The Making of Two WWII Memorabilia Collectors
Whenever I meet a collector, the first question that erupts from my mind is, “How did you get interested in ….” I’m fascinated by the process—the how and why and the way. To enhance our upcoming exhibit on the American home front during World War II, Produce for Victory, I asked Bill Given and Terry Reddick to install a military exhibit in the adjacent gallery. People will experience the European and Pacific fronts before entering the Montgomery Gallery to see the home front. As Terry and Bill have been bringing in their uniforms, helmets and other pieces, I’ve been wondering how their passion was ignited.
When Terry was a twelve-year old, he had three experiences that opened the windows of his imagination. First, he was parachuted into combat with a John Wayne war movie. Next he read The Night of Germany, which told the story of the German flying ace, Manfred von Richthofen, better known as The Red Baron. Lastly, the hook was set when Terry spied an ad for a genuine German Iron Cross in Popular Mechanics. He immediately mailed in his $1.50. Although it turned out to be a fake, Terry’s love of WWII history was anchored for life. His first authentic collectibles came from his father’s friends. Harvey Buker, Harold Nelson and Jim Carr gave him a helmet, medals and other German pieces.
Bill’s fascination began when at age ten he visited an uncle in Columbus. A WWII veteran in the European theatre, Bill’s uncle showed him German steins, bayonets and armbands. In 1974, the uncle’s collection was presented to his attentive nephew, Bill. A year later, Bill met Terry who introduced him to dealers and collectors. Both Terry and Bill’s interest has grown to include all of the American military action from the Civil War to the Viet Nam War, but WWII is still their preferred period.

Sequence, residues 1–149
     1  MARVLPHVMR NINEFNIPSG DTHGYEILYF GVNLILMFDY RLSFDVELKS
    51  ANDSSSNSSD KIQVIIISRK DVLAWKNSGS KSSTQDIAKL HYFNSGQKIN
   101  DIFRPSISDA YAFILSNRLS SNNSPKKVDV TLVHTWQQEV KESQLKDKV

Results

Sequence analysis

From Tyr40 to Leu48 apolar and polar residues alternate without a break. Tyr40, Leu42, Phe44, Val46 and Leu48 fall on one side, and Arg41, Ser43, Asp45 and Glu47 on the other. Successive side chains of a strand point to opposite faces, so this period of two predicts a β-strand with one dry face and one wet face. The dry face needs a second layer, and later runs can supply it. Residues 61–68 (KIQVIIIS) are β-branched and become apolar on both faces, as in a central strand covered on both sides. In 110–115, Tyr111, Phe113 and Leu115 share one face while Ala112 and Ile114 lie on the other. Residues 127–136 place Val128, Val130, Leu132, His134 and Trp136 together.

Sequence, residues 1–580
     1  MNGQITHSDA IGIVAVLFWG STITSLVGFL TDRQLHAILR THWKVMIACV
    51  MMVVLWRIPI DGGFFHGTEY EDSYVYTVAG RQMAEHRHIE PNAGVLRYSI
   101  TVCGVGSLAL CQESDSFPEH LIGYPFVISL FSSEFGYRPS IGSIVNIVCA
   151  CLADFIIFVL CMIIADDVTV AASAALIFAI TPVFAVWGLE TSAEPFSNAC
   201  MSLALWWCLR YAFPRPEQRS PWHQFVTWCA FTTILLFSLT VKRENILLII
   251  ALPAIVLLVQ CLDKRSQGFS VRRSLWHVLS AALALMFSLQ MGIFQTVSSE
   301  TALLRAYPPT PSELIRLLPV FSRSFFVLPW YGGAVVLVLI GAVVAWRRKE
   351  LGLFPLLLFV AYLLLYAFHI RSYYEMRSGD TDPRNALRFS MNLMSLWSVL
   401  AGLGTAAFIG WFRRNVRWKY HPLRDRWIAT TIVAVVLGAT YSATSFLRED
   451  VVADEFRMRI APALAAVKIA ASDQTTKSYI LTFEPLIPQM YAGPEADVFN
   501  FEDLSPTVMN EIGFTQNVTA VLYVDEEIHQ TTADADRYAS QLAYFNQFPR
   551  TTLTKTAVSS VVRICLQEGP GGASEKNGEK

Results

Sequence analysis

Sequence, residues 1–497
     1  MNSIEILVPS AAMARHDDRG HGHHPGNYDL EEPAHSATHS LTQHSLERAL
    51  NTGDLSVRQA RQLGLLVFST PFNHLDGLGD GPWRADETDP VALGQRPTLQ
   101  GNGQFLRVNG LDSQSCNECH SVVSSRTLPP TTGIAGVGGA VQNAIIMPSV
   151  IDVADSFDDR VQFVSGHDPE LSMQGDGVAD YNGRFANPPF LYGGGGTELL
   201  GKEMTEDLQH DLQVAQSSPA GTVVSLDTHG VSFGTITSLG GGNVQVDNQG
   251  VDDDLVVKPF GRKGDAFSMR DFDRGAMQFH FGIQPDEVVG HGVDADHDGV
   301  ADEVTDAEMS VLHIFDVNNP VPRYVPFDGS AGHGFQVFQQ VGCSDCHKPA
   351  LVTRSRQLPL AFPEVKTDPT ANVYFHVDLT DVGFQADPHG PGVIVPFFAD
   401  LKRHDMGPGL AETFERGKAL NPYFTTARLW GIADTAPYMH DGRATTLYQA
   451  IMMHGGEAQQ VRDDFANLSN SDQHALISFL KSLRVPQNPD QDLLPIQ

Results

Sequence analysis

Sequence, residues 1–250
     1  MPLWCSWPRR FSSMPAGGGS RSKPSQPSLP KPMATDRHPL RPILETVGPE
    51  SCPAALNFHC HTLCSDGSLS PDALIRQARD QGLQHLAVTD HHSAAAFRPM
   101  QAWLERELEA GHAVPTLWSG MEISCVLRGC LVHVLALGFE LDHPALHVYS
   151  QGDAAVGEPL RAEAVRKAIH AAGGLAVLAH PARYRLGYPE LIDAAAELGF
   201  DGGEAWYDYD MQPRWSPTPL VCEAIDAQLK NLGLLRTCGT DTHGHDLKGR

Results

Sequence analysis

Terry and Bill love the thrill of the hunt. They add to their collections by attending military shows, antique shops and garage sales. The most productive way is through word of mouth—whether it’s local people or collectors spreading the word. Bill loves speaking at service clubs about his hobby and sharing his love of history with others. Through these engagements, Bill has met “tons of generous people”—too many to name—who have shared their collectibles with him.
Bill and Terry each have their own specialty. For Bill, it’s edged weapons from WWII and the Civil War. Terry’s expertise is in headgear, daggers, medals and declarations. They sometimes trade with each other, with a promise of visitation privileges. When Bill was asked which piece gives him the most pleasure, he responded by giving several: A grouping of Civil War letters and documents from a single family, WWII items from Norm Wright and his father who was a chaplain during the war, and a WWII German honor dagger presented to the widow of a First Gunnery Officer on the Battleship Bismarck. When asked to name his most cherished pieces, Terry was hard put. He loves them all, but finally noted three: a Grim Reaper Squadron Patch from the Army Air Corps, a presentation copy of Mein Kampf, and German and American Air Corps Wings.
Collectors have their own fascinating histories to tell. We’re grateful that Bill and Terry are sharing some of their treasures with our visitors. The Johnson-Humrickhouse Museum’s WWII military exhibit will already be on display for the Civil War Encampment in Roscoe Village the weekend of July 16-17, continuing though September. Maybe this exhibition will fire up another 12-year old’s imagination.